A Cave: God's Holy Stage (1 Samuel 22:1-3)Brian Morgan, 12/19/1993
Part of the Seasonal Messages series, preached at a Sunday Morning service
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1 Samuel 22:1-3
1David therefore departed thence, and escaped to the cave Adullam: and when his brethren and all his father's house heard it, they went down thither to him. 2And every one that was in distress, and every one that was in debt, and every one that was discontented, gathered themselves unto him; and he became a captain over them: and there were with him about four hundred men. 3And David went thence to Mizpeh of Moab: and he said unto the king of Moab, Let my father and my mother, I pray thee, come forth, and be with you, till I know what God will do for me. (KJV)
A CAVE: GOD'S HOLY STAGE
1 Samuel 22:1-3
Catalog No. 915
December 19, 1993
For Christmas, I thought I would take my wife and daughters to see The Phantom of the Opera in San Francisco, but I discovered that the show was sold out. (Actually, it's sold out for the next two years.) Then my sister telephoned me from Pasadena to say that David Gaines, who plays the leading role in the production, had visited her sixth grade class. She told me that a woman in Cupertino had 20 tickets for the show (for excellent mezzanine seats), and asked me if I was interested. I felt a rush of excitement at the possibility of being part of a select audience to see this new production. I got the tickets, and on a dark, rainy night we drove up to the city to see "The Phantom of the Opera" at the Curran Theater.
As we took our seats the packed house was buzzing with excitement and anticipation. Soon, the powerful strains of an organ filled the theater. The sound reverberated all the way to the rafters and reached down almost to the deepest parts of the soul. A chandelier rose from the stage and began swinging to and fro overhead. The music and singing were even more spectacular than I expected. I was astonished by the intricacy of the sets and the staging. A crew of 36 men is required to pull on ropes to open trap- doors and control the candelabras that come up through the stage floor from the dark pit of the Phantom's world. In that world he pours out his heart, longing for someone to love. For two and half hours we felt ourselves irresistibly drawn onto this stage.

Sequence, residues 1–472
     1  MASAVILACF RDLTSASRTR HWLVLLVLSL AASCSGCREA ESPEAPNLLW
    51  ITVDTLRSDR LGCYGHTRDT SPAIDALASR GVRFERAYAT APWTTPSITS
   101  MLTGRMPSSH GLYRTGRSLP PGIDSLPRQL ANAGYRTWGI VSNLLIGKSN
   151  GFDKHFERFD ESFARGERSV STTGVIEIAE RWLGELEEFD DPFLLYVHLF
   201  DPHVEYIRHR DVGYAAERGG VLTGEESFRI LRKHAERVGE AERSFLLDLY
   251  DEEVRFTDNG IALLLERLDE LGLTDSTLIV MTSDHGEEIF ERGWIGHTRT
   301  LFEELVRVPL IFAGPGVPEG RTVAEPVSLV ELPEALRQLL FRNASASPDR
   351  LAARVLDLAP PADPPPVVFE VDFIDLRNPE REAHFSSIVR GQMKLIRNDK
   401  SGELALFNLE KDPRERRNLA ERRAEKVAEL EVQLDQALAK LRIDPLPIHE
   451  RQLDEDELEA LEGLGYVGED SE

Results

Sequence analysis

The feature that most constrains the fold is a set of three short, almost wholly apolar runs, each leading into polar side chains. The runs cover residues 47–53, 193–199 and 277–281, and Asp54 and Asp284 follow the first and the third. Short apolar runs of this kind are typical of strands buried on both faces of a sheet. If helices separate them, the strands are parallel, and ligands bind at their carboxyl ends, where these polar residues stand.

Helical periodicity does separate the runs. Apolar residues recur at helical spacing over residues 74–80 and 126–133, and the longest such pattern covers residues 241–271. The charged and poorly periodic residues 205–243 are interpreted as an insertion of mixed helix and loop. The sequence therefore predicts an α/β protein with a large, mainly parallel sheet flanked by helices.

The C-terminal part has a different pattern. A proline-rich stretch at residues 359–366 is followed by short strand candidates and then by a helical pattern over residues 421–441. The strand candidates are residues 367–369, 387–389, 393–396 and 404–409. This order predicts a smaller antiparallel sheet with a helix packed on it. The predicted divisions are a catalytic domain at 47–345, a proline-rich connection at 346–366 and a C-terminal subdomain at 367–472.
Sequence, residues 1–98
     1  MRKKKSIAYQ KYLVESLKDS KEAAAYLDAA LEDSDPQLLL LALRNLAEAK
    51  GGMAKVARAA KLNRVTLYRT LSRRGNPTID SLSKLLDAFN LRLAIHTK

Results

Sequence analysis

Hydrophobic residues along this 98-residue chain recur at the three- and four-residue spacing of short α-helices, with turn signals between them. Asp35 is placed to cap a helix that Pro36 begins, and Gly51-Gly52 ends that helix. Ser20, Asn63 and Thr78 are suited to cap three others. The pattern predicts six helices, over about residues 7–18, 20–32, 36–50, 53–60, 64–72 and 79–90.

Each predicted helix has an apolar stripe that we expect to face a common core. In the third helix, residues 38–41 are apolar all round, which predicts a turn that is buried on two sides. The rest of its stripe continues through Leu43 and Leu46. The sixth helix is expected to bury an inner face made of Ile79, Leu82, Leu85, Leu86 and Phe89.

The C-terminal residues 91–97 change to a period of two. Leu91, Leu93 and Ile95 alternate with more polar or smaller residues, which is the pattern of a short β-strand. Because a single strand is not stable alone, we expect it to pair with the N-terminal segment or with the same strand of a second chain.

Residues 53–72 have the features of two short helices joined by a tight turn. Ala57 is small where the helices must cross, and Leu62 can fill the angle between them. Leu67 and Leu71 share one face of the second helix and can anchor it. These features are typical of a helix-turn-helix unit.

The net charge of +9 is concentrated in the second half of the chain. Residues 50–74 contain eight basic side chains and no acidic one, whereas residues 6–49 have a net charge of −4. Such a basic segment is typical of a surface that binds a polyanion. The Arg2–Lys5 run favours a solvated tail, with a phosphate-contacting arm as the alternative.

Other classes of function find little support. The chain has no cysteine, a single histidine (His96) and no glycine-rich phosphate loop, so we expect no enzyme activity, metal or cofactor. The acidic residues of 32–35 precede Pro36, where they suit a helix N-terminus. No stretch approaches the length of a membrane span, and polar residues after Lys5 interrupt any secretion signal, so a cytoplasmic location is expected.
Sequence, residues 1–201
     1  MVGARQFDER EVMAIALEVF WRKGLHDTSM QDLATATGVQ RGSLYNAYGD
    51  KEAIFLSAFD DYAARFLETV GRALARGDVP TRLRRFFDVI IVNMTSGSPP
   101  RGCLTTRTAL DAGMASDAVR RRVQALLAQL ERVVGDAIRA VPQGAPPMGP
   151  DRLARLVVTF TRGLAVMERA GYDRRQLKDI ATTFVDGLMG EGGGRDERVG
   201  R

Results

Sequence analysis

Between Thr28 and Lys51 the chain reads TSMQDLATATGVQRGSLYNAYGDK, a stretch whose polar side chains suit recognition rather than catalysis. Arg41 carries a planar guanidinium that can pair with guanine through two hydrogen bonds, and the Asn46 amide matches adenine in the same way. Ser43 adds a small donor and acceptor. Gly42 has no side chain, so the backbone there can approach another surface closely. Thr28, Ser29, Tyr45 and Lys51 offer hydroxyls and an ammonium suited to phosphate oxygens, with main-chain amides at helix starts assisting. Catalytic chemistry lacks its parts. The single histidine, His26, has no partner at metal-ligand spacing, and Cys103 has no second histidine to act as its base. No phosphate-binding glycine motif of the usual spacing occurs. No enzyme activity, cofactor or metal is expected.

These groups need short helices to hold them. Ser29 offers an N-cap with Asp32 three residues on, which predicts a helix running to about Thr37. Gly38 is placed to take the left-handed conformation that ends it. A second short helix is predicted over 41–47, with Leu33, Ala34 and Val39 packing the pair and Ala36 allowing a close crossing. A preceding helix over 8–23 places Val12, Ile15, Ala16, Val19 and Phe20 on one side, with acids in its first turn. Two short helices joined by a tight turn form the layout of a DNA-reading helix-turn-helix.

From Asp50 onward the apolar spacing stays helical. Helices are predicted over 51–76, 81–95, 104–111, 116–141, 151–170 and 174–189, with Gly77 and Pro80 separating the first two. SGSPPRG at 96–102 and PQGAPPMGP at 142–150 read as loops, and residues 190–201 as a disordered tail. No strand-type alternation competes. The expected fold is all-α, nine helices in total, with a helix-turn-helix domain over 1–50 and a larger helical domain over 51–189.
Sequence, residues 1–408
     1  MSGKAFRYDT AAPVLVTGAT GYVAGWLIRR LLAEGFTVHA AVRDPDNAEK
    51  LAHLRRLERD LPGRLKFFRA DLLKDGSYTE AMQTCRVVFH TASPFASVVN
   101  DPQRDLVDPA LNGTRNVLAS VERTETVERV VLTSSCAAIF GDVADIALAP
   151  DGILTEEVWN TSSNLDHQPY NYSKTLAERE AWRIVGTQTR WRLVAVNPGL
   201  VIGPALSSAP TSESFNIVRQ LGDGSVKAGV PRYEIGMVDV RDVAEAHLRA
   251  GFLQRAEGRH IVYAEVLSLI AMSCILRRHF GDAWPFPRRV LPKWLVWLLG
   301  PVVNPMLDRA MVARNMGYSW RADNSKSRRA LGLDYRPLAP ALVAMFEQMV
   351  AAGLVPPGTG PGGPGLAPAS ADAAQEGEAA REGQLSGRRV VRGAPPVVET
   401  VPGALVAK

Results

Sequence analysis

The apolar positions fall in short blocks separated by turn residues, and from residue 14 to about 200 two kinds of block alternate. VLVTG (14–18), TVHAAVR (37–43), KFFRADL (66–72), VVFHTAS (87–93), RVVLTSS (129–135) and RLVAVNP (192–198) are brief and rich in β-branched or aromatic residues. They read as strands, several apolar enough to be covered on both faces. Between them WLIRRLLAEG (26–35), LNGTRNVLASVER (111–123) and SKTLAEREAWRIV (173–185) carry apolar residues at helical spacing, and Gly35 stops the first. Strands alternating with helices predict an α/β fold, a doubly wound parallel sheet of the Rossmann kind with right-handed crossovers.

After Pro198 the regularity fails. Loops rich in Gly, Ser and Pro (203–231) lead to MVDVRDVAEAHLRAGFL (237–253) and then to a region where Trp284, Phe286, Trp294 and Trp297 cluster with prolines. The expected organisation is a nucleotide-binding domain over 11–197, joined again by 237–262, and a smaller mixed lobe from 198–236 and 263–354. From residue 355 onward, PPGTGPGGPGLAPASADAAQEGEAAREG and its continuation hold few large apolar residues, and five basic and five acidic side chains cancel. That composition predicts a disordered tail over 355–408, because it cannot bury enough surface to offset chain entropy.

As I took in the sights and sounds that evening, it struck me that one of our great longings in life is to be part of a story that is bigger than ourselves. This is what gives us significance and transcendence. Well, today I would like to invite you to be select guests on God's stage for the playing out of the great story of the redemption of mankind. I pray you will find yourself drawn into God's world as you hear him singing his song of longing for someone to love.
In the opening scene, God chooses the setting where he will make his grand entrance upon the earth. If you were a Jew living in the first century, where do you think that setting would be located?
I. Setting the Stage: Bethlehem
The introduction to the New Testament reads like "A Tale of Two Cities," with Rome and Jerusalem competing for the spotlight. Rome was the political center of the world of that day, the Washington D.C., the power base of the movers and shakers, the lobbyists and the money mongers. Jerusalem, on the other hand, was the religious capital of the world, the place where people went to be ordained and authorized to worship, where the religious tithed and sacrificed. The powers that be in Jerusalem hated everything that Rome stood for, yet deep down they wanted everything Rome possessed: money, the power to tax, and authority over the masses. Jerusalem even had invested a lot of money trying to make herself like Rome, so much so that in the book of Revelation John refers to the city as "Sodom." Which city would God choose for his stage? The answer is, neither!
The book of Micah reveals God's surprising setting:
But you, Bethlehem Ephrathah,
Too insignificant to be among the clans of Judah,
From you, for Me, one shall go forth who shall be a ruler in Israel (Micah 5:2).
God did not shine his spotlight on Rome or on Jerusalem, but on tiny Bethlehem, "too insignificant to be among the clans of Judah." I am reminded of the youthful David, who was too insignificant to be counted among the sons when the call went out for a king. Why Bethlehem? Because that was the place where years earlier an obscure love story was enacted. In that little town a gentile woman was drawn to the God of Abraham, and she gave birth to the line of David.